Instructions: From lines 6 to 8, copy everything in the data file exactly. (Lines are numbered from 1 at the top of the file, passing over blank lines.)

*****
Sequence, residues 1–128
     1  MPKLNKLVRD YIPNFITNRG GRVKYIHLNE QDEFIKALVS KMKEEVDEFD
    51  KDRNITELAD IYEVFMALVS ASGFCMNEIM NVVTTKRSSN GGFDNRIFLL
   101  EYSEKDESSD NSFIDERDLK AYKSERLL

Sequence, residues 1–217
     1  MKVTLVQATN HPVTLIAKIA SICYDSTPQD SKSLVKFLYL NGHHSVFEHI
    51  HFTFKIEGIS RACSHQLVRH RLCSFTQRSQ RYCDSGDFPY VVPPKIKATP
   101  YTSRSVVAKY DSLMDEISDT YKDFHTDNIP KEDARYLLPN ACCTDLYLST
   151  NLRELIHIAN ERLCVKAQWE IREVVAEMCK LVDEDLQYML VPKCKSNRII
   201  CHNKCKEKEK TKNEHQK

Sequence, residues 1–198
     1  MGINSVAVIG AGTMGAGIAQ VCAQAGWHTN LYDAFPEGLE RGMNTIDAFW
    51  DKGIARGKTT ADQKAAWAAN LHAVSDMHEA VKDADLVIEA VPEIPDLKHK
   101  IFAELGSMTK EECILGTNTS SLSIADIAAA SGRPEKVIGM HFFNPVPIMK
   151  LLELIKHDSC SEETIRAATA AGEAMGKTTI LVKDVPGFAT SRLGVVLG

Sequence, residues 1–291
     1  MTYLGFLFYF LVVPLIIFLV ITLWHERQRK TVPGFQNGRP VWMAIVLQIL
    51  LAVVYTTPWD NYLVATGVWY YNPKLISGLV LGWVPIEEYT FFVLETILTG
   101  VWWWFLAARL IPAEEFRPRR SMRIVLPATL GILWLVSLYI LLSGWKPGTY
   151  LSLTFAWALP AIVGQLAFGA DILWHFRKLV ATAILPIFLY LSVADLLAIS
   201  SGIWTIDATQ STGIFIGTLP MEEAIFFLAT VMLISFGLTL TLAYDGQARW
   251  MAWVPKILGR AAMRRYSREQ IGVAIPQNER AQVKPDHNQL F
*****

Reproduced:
     1  MKVTLVQATN HPVTLIAKIA SICYDSTPQD SKSLVKFLYL NGHHSVFEHI
    51  HFTFKIEGIS RACSHQLVRH RLCSFTQRSQ RYCDSGDFPY VVPPKIKATP
   101  YTSRSVVAKY DSLMDEISDT YKDFHTDNIP KEDARYLLPN ACCTDLYLST